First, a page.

After Tuesday's post on the Presidential Records Act, I had the opportunity to speak with Joe Hagin, who served as a Deputy White House Chief of Staff for former President George W. Bush from 2001 until July of last year. He confirmed what I had suspected -- there really are only two hard-and-fast rules on the books that govern how the President of the United States can communicate and what devices he can use.
One is the Presidential Records Act, which requires all official communications to be captured for the National Archives. The second is the requirement that information classified under the government system as confidential, secret, top secret or sensitive compartmentalized information.can only be discussed or transmitted via devices that are approved for such information. With those two exceptions, the President has complete discretion, and each administration makes its own decisions about how the White House staff will communicate.
The debate over President Obama's BlackBerry, Hagin says, centers on information that's "senstive but not classified." Anything the President of the United States says or transmits is sensitive by virtue of the position he holds. Since the Secret Service is responsible for protecting him physically and from electronic invasion, they are concerned about the ease with which smartphones can be hacked into. White House lawyers and other staff have an issue because they must make sure things are captured for the archives. But all of them have another concern that's more political. Hagin explains:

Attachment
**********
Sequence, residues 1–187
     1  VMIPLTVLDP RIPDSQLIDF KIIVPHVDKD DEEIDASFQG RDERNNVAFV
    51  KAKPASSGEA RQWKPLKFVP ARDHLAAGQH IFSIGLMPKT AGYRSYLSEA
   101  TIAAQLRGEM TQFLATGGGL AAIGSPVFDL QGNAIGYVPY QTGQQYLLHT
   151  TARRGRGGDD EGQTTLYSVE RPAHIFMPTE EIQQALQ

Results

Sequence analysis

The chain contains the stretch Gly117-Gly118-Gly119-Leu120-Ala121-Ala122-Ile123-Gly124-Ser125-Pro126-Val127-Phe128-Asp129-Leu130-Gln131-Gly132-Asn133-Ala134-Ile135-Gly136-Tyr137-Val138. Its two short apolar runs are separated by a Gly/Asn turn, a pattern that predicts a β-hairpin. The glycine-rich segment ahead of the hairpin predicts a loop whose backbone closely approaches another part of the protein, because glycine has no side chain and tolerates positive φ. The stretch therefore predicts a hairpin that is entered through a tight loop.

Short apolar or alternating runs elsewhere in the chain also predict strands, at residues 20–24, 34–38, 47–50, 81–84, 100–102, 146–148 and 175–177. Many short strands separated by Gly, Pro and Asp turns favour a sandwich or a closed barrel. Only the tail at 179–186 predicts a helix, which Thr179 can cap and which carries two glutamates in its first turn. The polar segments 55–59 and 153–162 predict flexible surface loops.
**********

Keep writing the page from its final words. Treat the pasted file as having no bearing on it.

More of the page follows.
Imagine if a friend of his or a relative of his sent him something that was controversial and that somehow got into the public domain. You can imagine, given the game of "gotcha" that's played in Washington, the questions that would come. Did the President repudiate his friend? Did the President cut off contact with his friend? Does the president agree with his friend? ...All of a sudden you have the President having to defend information that he had no control over receiving... that becomes a permanent part of the presidential record.
Though Hagin cannot speak to what the current White House rules on smartphone use are, he did offer a glimpse into what was in place during former President Bush's time there. When the President and his staff were going to an area that security and intelligence agencies believed to be risky, smartphones had to be left on the plane in a disabled mode or at home. He says:
And that's not really a good answer because you lose all the productivity of having the thing. In fact, when we first got to the White House in 2001, there were no BlackBerries. The security agencies had decided they were too vulnerable... Sept. 11 changed everything because we were struggling terribly to communicate on Sept. 11...So not long after, the White House purchased I think 50 [devices], and then went to 200, and today, almost everyone who works there has one.